Image: Oceanic nonlinear internal solitary waves from the Lombok Strait

December 8, 2016, NASA
Credit: Jeff Schmaltz, MODIS Land Rapid Response Team, NASA GSFC

On November 1, 2016, NASA's Aqua satellite passed over Indonesia, allowing the Moderate Resolution Imaging Spectroradiometer (MODIS) on board to capture a stunning true-color image of oceanic nonlinear internal solitary waves from the Lombok Strait.

A bank of clouds covers East Java along the western edge of the image, with a bright sun overhead casting shadows from the clouds along the ocean surface. Away from the clouds, the appears a bright silver due to "sunglint," an optical effect caused by the mirror-like reflection of sunlight off the water surface directly back at the satellite sensor. Although sunglint washes out many features, it also reveals details about the that are usually hidden from view. In this case, sunglint exposes the waves created by the movement of currents in the ocean water.

Internal waves are generated when the interface between layers is disturbed, such as when passes over rough ocean floors, ridges, or other obstacles. The Lombok Strait, which is a relatively narrow passageway between Bali (west) and Lombok (east), allows flow of water from the Pacific Ocean into the Indian Ocean. The bottom of the strait is complex and rough, consisting of two main channels, one shallow and one deep. Because of the variation in water movement due to the complexity of the channels and ocean interface, the tides in the strait have a complex rhythm but tend to combine about every 14 days to create an exceptionally strong tidal flow. It is the combination of rough topography, strong tidal currents, and stratified water from the exchange that makes the Lombok Strait famous for generation of intensive .

Explore further: How to monitor global ocean warming—without harming whales

Related Stories

How to monitor global ocean warming—without harming whales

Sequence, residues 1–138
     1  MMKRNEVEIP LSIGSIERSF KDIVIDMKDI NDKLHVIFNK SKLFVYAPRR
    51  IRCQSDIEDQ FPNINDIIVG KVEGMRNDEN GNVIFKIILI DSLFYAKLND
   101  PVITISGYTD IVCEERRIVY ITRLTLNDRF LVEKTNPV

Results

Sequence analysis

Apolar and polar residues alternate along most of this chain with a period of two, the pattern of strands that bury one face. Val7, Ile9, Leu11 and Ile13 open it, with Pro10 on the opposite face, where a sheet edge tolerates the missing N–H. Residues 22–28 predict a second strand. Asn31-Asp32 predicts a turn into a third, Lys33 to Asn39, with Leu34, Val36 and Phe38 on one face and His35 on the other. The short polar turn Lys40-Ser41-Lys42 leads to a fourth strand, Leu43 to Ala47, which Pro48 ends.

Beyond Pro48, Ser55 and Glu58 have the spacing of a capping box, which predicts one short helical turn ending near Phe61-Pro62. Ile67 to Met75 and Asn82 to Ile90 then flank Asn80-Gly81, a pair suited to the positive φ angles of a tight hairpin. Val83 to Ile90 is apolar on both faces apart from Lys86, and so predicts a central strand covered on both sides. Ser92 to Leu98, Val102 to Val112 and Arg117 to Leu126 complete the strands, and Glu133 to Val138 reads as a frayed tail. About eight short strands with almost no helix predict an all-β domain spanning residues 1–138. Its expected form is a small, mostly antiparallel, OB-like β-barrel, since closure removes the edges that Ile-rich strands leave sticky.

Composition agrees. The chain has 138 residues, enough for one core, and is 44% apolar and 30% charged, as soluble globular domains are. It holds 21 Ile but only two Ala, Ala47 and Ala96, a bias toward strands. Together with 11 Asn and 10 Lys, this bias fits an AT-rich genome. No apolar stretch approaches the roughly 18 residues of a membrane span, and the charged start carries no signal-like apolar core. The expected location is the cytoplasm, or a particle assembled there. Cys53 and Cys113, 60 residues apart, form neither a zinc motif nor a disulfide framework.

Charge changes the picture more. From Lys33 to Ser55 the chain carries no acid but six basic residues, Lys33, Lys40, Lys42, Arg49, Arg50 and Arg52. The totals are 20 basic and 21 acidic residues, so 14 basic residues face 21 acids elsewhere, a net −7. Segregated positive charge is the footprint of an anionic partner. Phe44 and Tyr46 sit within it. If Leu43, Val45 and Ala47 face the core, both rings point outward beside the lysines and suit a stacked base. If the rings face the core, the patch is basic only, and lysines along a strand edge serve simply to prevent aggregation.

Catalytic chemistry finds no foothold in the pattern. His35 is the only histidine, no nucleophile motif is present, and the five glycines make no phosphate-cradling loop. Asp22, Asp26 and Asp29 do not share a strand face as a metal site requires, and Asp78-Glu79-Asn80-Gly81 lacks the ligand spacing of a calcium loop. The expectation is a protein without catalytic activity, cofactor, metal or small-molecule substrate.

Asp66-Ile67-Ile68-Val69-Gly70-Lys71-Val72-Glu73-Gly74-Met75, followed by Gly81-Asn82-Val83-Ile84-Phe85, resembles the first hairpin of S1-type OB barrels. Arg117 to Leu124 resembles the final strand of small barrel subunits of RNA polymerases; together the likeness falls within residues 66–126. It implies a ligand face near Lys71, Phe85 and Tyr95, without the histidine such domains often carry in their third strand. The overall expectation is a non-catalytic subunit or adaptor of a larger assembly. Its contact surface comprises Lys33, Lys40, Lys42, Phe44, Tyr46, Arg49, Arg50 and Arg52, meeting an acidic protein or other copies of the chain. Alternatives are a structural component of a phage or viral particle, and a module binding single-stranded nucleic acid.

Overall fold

November 21, 2016

Most of the extra heat trapped by human-generated emissions is ending up in the oceans. But tracking the temperature of the world's oceans to monitor the change is trickier than it might seem. While satellites monitor surface ...

Scientists track monster waves below the ocean surface

July 21, 2015

A scientific research team spent seven years tracking the movements of skyscraper-high waves in the South China Sea. University of Miami (UM) Rosenstiel School of Marine and Atmospheric Science scientists were part of the ...

The ocean's hidden waves show their power

January 8, 2014

Their effect on the surface of the ocean is negligible, producing a rise of just inches that is virtually imperceptible on a turbulent sea. But internal waves, which are hidden entirely within the ocean, can tower hundreds ...

Image: Morning sunglint over the Pacific

April 25, 2016

This Earth observation composite image from the International Space Station captures morning sunglint and low clouds over the central Pacific Ocean.

Recommended for you

0 comments

Please sign in to add a comment. Registration is free, and takes less than a minute. Read more

Click here to reset your password.
Sign in to get notified via email when new comments are made.